Fertility Journey Patient’s Case Study – Stacey and Kurt from the UK

Fertility Road Patients Case Study

About the couple

Stacey and Kurt contacted us (University Hospital Quironsalud Madrid) from the UK. They were deeply emotionally affected for a year after their previous unsuccessful IVF cycle in Birmingham in 2019.

Our first meeting was a Zoom video consultation of about an hour on Sept 20. She was a young 29y woman coming from a globally healthy family, affected by irritable bowel syndrome, and ex-smoker for 5 years. Her weight was slightly high (86 kg for 179 cm). Previously diagnosed with polycystic ovary syndrome as she had multiple ovarian follicles and delayed menstrual periods. Kurt has nothing of interest in the interview. Bodyweight was normal, but several sperm tests had shown severe damage in number and quality.

In 2019 they went under an IVF process. 12 eggs were obtained and microinjected but only three of them were fertilized. One embryo was transferred, and no other embryos could be vitrified. She felt very swollen and could hardly walk for some days. Finally, she didn´t get pregnant and decided to forget all about being under treatment again.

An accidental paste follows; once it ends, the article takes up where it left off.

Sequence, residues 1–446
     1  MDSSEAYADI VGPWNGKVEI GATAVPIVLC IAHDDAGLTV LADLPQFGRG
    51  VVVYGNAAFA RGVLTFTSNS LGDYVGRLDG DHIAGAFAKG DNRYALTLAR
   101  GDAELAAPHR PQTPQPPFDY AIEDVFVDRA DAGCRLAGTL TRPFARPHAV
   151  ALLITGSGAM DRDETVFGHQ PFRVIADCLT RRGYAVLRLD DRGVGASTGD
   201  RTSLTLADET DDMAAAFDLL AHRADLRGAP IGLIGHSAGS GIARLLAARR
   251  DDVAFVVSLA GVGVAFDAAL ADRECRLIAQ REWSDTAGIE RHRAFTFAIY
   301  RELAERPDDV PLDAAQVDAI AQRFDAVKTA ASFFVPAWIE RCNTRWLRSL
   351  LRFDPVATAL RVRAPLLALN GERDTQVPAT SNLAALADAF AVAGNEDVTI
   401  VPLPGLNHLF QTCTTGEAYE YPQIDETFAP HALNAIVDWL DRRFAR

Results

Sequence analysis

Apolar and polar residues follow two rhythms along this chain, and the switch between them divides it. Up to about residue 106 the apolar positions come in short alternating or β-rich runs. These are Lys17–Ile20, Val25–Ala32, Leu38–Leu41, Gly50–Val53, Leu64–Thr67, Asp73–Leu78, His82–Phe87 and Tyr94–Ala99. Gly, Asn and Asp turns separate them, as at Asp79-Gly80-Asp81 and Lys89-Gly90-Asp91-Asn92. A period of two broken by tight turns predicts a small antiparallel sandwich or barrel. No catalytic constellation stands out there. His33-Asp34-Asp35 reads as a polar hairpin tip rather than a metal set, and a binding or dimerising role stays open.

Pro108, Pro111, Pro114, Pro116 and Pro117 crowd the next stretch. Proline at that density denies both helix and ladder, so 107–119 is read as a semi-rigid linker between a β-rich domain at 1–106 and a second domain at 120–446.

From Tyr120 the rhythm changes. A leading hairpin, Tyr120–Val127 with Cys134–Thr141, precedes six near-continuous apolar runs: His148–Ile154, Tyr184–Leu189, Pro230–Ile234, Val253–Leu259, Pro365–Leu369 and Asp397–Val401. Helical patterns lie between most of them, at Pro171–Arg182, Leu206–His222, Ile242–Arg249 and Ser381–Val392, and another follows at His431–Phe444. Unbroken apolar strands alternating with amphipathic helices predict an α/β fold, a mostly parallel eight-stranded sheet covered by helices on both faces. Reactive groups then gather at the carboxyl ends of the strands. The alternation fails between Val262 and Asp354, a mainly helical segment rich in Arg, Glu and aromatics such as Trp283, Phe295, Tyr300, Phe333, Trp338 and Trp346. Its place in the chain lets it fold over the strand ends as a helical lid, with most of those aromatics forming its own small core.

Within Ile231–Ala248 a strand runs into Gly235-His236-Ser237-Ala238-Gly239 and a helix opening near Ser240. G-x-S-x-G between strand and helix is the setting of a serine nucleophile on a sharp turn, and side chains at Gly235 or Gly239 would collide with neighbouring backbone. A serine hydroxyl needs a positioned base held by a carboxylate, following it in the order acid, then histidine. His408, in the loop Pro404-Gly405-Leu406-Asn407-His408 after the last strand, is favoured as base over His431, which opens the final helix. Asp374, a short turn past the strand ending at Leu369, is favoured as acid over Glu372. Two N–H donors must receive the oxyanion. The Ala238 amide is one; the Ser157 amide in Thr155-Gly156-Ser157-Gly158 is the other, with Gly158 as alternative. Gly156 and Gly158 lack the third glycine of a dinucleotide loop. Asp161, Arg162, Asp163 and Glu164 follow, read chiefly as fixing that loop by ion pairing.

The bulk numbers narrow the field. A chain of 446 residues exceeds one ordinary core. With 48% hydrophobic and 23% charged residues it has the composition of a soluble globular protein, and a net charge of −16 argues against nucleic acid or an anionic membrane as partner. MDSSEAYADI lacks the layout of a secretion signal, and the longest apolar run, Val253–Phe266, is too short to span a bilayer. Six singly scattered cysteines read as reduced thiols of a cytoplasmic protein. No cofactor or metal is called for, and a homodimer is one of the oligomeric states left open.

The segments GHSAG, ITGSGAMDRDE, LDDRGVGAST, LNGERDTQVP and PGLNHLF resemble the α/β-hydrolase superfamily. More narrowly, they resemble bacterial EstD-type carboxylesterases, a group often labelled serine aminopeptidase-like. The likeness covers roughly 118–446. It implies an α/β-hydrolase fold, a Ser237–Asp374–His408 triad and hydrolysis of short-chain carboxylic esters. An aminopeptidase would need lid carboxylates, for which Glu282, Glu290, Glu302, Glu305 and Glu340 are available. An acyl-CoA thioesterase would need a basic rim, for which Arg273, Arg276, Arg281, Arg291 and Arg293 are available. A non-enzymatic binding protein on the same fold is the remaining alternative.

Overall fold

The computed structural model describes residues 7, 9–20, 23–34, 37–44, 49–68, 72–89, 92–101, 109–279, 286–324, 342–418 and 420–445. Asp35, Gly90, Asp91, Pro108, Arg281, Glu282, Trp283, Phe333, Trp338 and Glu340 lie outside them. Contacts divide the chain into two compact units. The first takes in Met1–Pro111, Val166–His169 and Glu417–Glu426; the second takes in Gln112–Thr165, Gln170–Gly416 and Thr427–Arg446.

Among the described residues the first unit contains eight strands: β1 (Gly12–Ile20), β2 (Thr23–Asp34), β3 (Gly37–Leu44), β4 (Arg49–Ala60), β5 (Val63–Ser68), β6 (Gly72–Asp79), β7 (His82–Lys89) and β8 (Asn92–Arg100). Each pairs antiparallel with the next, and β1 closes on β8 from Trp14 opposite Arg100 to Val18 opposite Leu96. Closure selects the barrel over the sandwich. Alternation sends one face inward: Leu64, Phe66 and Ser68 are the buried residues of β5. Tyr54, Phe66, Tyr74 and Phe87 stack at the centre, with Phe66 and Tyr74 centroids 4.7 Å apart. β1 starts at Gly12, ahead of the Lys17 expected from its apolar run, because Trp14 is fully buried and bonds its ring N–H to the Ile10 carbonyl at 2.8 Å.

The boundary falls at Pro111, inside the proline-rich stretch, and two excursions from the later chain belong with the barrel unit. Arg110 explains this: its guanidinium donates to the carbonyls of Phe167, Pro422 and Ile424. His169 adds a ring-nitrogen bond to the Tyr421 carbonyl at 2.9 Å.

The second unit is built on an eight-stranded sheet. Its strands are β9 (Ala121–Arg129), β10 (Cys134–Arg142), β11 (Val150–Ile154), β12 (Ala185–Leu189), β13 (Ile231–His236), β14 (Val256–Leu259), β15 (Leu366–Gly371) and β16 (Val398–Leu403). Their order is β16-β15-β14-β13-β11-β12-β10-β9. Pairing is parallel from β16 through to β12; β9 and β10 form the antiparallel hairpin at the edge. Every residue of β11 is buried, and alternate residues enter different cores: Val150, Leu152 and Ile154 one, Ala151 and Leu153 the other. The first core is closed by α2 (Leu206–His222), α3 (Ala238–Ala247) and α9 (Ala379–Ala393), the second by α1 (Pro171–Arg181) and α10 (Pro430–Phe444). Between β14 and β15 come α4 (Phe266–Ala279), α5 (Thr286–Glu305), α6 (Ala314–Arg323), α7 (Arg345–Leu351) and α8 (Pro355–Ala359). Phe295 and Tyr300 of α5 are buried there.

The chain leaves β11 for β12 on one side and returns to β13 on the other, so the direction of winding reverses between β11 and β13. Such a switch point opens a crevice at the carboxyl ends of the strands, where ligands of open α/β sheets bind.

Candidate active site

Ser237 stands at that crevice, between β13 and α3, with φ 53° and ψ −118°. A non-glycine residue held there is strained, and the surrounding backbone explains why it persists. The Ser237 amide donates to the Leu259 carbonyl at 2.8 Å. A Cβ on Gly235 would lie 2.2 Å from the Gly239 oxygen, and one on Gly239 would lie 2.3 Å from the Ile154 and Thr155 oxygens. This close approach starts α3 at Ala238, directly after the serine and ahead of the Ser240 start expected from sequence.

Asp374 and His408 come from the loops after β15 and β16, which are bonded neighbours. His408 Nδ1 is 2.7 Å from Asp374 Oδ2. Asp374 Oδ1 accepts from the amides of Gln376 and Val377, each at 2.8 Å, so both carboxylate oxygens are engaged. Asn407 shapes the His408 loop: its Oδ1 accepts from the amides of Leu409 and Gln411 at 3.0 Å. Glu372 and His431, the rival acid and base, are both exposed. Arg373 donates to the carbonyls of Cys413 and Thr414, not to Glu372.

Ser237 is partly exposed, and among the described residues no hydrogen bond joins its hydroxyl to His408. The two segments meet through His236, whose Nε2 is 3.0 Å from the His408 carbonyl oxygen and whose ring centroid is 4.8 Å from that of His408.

Fertility Journey Patient's Case Study - Stacey and Kurt from the UK

Stacey and Kurt Journey

The diagnosis

After the first video consultation, we arranged a two-night visit to Madrid. On their first day, we showed our Unit, did a profound analysis of their family and personal records, checked height and weight and analysed blood and semen samples.

Transvaginal ultrasound confirmed moderate follicular count and normal uterus and endometrium, and breasts had no anomalies. On their second day, we informed of the extreme sperm damage (none of them alive after 24h of incubation) and a high AMH 5,7 ng/mL.
We explained that high stimulation is needed when both gametes are affected, but high stimulation reduces embryo implantation and security is jeopardized.

We agreed to keep maximum security for her all the time, so we offered a two-stepped IVF cycle under the “Freeze All” technique. The first step was to stimulate safely and vitrify all embryos, transferring only one thawed embryo in a second step cycle.

Protocol and techniques used

The “Freeze All” technique offers maximum security for her all the time. The first step was to stimulate safely and vitrify all embryos, transferring only one thawed embryo in a second step cycle.

After explaining, reading, and signing Informed Consents, we agreed to use moderate doses of recombinant FSH (225 UI per day) and natural progesterone to block LH surge (transvaginal Utrogestan 200 per day). Both products were chosen because they are very easy to use, didn´t need to be kept refrigerated and might easily be transported back home with them to start medications before coming to Madrid, shortening the length and cost of their future trip.

We established a WhatsApp group (the couple, doctor, embryologist, Unit coordinator and international coordinator) allowing easy & continuous communication and avoiding phone calls, emails…